Thank you, Fr. Mike!

In the nature of the case, missionaries must be thankful people. Being the “stretching arm” of the church that is sent around the world to minister to other parts of the body of Christ – this calling inevitably means that one is placed in a situation of perfect and complete dependence on the other members of the body.

As we near the finish line of our fund-raising efforts, it is incredibly sweet to think of all the senders we have met and partnered with, whose hearts were moved by what we plan to do. I have often said that my sense of calling is largely an awareness that I have been called by others to do this job. So many people want this mission to happen, and they have entrusted our family with it.

Chief among them is Fr. Mike Fitzpatrick, the rector of Grace Church, Collingdale. He has visited our parish in Cincinnati several times, and knows everyone in the REC’s NEMA diocese. He is a gentle and kindly man, truly a father figure for his parish and for the African students of Christ Academy, the school that meets in his church.

Fr. Mike wants us to go to the Philippines. And while his parish is considering us for financial support, he has already used the best treasure he had for us: his friendships with other REC rectors. He made phone calls and arranged visits for us. He opened up the whole diocese for us, and led us to make many new friends who are also eager for us to go. They in turn are now very dear to us, and we look forward to visiting them again when we get back from the mission field. Without Fr. Mike, we would not have met them.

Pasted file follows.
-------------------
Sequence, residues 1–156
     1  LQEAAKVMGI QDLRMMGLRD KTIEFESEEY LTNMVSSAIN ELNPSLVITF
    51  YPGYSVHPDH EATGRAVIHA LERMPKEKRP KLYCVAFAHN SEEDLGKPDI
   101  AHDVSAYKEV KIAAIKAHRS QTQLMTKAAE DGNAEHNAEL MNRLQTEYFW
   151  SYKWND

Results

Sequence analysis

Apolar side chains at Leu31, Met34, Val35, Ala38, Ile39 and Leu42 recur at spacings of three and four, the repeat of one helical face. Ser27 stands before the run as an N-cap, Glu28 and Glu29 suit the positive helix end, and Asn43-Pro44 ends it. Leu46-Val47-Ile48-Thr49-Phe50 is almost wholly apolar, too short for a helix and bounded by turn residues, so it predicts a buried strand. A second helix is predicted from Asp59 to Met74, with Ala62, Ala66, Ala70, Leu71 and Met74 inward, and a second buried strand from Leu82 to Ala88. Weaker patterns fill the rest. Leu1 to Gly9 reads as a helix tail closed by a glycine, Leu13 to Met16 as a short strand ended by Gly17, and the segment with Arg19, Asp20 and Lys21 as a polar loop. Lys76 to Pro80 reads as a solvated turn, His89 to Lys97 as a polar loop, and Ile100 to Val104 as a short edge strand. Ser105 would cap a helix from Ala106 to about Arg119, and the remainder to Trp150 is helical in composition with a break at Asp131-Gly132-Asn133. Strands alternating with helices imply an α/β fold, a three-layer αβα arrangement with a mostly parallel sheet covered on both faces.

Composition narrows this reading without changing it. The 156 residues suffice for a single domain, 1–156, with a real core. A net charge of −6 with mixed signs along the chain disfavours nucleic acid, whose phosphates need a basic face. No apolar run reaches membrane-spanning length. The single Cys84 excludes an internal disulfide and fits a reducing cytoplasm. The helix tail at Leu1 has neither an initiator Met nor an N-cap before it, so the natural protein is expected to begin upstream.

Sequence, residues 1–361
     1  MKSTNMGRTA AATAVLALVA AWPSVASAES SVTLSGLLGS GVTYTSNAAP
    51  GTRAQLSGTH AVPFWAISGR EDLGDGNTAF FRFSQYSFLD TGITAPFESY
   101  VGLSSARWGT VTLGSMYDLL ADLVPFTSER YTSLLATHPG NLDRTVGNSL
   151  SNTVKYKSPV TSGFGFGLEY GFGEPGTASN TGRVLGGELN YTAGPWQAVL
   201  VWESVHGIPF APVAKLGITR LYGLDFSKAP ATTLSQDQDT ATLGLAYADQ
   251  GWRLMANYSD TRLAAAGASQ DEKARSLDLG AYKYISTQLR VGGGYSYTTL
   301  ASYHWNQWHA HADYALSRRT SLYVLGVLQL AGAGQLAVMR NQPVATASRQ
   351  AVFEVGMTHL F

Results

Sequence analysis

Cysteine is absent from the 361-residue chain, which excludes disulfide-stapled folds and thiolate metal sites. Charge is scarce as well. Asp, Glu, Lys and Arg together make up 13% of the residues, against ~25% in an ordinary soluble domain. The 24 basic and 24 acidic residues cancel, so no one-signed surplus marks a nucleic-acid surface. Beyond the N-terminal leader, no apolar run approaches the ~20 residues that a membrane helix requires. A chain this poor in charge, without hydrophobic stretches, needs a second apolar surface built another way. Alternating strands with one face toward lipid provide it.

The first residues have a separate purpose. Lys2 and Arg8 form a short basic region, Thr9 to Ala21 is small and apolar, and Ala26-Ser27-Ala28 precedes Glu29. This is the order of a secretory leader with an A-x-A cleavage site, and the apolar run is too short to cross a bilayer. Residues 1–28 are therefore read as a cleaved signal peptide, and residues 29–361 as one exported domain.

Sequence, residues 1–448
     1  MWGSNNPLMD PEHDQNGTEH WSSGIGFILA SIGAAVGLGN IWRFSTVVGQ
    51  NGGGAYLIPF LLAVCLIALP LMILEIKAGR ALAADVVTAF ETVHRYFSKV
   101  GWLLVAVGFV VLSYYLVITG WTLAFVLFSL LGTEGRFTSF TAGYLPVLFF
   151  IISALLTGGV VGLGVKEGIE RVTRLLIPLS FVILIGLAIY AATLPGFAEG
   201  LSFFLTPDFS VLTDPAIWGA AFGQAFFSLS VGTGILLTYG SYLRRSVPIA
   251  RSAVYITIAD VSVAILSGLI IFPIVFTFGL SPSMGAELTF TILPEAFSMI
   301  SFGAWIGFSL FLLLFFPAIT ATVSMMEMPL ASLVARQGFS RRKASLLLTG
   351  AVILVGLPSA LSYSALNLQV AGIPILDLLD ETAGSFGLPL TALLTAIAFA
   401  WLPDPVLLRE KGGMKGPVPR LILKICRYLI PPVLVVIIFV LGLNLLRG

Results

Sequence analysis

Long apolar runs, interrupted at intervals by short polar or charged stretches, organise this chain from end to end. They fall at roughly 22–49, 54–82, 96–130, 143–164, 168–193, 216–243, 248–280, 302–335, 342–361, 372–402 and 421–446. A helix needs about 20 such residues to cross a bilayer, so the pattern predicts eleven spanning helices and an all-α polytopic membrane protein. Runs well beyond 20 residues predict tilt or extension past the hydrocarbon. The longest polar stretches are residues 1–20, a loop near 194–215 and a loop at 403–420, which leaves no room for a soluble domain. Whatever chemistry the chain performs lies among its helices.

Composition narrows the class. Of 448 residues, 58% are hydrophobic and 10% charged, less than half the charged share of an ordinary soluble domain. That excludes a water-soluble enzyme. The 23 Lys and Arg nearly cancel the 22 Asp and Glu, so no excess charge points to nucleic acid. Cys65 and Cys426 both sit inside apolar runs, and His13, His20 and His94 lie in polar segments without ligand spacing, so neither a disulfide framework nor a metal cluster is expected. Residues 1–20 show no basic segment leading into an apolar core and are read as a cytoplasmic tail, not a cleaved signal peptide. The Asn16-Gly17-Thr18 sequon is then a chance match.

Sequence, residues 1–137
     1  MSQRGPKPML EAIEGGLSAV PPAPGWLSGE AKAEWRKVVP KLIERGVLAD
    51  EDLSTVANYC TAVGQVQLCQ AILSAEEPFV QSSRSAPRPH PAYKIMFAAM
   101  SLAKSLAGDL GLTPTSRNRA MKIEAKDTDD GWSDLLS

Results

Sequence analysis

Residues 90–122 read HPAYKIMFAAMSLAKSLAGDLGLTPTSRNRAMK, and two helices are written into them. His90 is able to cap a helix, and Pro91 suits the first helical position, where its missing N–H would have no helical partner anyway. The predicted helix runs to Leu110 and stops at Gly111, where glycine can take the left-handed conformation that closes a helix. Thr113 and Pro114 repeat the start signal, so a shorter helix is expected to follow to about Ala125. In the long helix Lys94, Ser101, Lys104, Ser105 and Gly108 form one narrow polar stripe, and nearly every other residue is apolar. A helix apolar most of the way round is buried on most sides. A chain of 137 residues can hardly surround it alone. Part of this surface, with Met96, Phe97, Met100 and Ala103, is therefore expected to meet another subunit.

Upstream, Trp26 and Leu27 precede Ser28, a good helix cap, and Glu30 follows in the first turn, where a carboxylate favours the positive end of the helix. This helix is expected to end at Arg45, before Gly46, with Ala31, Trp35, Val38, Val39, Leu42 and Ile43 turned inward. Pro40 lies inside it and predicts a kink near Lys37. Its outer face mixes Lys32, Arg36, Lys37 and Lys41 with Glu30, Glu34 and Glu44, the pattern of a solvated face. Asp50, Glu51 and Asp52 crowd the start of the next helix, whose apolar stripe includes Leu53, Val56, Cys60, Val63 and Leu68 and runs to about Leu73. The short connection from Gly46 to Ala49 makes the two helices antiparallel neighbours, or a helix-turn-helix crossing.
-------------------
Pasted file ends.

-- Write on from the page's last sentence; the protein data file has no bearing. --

When we visited Philadelphia this week, he arranged for us to be put up (for 9 nights!) by one of the teachers at his school, Mrs. Miller. He bought us pizza. He gave us money to visit a museum in downtown Philadelphia during one of our free afternoons. He loved our kids and was a blessing to them, understanding in his own heart that it is difficult for kids to be “dragged around” from church to church on deputation visits.

Fr. Mike is also an inspiration to me as a pastor. The stories he can tell of his adventures in the service of his parishioners, with their troubles as immigrants and residents of pretty rough parts of town, are simultaneously hair-raising and heartwarming. He has a real heart for the immigrant families in his parish, and he does for them the same thing he did for us: he lets their needs be known and gives his friends opportunities for good works. He is a shepherd. He cares for his sheep. Some pastors want to be Bible scholars, or great orators, or dispensers of sacraments, and they neglect pastoral care. But for Fr. Mike, it is at the core of his ministry.

Thank you, Fr. Mike! Without you, we would not be able to do what we are about to go and do.


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